In our humble city of Pullman, Washington, there is no delay from a traffic light turning red and cross traffic’s light going green, so running red lights is especially dangerous. One would think this would stop people from running red lights, but it doesn’t.
Next time you are sitting at a traffic light in your town, do me the favor and time your red light. Let me know in the comments how long your typical light is. In my town, the average time to sit at a light is less than 3 minutes. We don’t have a very complicated traffic system, so most of the time there is just one set of cross traffic.
Can you remember the last time that being 3 minutes late to something changed everything. When I was on the USS Jefferson City in San Diego, I got the best advice from one of my captains. We held quarters each morning first thing and we had a shave and uniform inspection. One of the most common excuses for not shaving was, “I was running late.” The captain told us that it is better to be late and on point than on time and unsatisfactory.
It’s not you, it’s me
So how does being three minutes late or running red lights tie into our current pandemic situation? When the COVID-19 pandemic hit the United States, most states issued stay-at-home orders to reduce the spread of this communicable disease. I will not discuss whether or not I agree with this order, but the reason we were issued the order is because we can’t seem to stop running red lights.
For most of us, and yes I am including myself in this group, when we are approaching a green light and we see it turn yellow, our first instinct is to speed up. As a 40-year old man, I will brag that when my wife and kids are with me I almost always react with a press of the brake instead of gas. But, when I am alone, almost 100% of the time I first react by increasing my speed.
The simple answer is that I don’t want to be delayed beyond my control. My 3 minutes are precious to me and my instinct tells me it is more important than you or your safety. Sound harsh? Well it is true. We have this stay-at-home order because as a society, we care more about our own well being than others. In How to win friends and influence people, Carnegie explains that our species is hard wired for self-preservation.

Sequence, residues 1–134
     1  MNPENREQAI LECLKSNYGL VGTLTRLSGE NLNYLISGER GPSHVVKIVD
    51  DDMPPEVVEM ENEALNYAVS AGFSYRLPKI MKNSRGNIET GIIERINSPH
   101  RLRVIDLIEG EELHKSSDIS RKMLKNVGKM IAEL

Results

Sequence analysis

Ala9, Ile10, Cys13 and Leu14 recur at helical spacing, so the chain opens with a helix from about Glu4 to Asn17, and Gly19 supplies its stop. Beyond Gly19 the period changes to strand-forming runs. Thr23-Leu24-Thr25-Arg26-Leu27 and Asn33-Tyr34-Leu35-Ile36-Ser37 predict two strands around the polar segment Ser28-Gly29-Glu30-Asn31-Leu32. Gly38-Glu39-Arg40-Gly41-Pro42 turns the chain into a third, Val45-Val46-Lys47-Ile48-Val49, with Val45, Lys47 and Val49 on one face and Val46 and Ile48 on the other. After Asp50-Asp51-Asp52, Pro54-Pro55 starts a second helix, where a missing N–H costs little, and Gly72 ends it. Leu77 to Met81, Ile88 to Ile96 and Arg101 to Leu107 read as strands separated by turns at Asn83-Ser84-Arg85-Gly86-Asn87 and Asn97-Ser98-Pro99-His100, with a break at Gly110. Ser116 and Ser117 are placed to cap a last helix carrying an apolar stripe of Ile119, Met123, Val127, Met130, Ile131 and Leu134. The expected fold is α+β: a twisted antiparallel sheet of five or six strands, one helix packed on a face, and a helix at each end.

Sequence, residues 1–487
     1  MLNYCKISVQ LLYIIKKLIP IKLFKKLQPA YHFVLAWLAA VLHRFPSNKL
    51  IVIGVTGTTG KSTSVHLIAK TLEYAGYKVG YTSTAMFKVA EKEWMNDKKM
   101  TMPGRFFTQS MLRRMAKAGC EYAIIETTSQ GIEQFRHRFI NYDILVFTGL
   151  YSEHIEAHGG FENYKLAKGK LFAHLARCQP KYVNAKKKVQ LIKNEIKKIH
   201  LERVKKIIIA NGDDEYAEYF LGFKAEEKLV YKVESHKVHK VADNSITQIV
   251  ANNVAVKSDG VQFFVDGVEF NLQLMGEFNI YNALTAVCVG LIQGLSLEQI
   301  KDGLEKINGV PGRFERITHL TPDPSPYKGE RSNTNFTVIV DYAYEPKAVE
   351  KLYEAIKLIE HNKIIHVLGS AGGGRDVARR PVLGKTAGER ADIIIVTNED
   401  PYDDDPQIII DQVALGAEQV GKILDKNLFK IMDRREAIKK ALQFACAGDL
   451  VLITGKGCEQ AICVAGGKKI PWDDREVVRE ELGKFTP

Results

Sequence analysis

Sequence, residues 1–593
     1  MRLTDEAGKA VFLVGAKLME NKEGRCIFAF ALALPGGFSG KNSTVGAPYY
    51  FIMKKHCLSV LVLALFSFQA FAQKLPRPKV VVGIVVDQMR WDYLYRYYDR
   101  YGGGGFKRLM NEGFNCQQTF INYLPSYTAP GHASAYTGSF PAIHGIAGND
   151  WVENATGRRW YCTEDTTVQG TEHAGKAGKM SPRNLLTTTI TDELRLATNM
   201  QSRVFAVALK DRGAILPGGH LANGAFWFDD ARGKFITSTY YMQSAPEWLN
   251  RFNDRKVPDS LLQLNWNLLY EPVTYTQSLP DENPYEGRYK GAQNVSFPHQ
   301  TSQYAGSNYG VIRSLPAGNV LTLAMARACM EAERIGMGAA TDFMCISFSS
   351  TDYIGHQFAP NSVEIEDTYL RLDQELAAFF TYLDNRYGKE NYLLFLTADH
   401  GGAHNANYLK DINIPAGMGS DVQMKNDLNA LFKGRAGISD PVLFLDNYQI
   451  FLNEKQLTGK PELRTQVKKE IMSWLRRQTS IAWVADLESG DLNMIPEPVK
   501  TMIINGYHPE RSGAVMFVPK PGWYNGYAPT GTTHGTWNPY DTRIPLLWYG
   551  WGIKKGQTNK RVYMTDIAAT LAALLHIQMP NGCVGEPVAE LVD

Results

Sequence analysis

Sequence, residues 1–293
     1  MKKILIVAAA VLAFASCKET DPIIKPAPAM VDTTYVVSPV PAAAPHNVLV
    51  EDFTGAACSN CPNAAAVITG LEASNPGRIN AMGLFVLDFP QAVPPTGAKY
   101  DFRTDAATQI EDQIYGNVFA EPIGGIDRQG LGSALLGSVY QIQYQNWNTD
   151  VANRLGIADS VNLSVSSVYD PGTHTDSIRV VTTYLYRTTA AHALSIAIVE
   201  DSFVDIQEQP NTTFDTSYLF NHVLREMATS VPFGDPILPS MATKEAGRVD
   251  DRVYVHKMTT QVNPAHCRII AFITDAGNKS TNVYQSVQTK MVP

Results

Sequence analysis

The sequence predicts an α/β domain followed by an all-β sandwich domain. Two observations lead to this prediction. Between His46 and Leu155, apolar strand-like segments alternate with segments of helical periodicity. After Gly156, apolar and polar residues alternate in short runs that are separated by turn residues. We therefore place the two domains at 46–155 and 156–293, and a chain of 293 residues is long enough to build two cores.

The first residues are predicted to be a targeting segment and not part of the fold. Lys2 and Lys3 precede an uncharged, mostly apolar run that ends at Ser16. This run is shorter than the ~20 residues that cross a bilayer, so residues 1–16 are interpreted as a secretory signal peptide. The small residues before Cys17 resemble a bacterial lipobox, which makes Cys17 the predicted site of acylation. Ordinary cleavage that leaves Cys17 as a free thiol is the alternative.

How to stop running red lights
How do we stop? If we are hard wired to try to run those red lights, what are we supposed to do about it? The problem isn’t in our action, but in our philosophy how we see others. To stop running red lights, we must start to look at others as more valuable than we currently do. At a minimum, we should see other’s time and personal space as sacred as our own.
I recommend finding one way each day that you can be a blessing to someone else in your life. If you have a spouse and kids, start there. Make your significant other their cup of coffee instead of them doing it. Watch your kid’s favorite television show without falling asleep or making fun of it. Bonus points if you engage with them and ask questions after.
Making small efforts to impact the lives of others will start to become addictive. Seeing your cashier at the grocery store smile when you greet them, well imagine they are smiling behind the mask, will give you a shot of joy. Instead of speeding to beat the light, stop at the red light and wave at cross traffic as they pass you. Most of them might think you’re weird, but one will likely smile or wave back.
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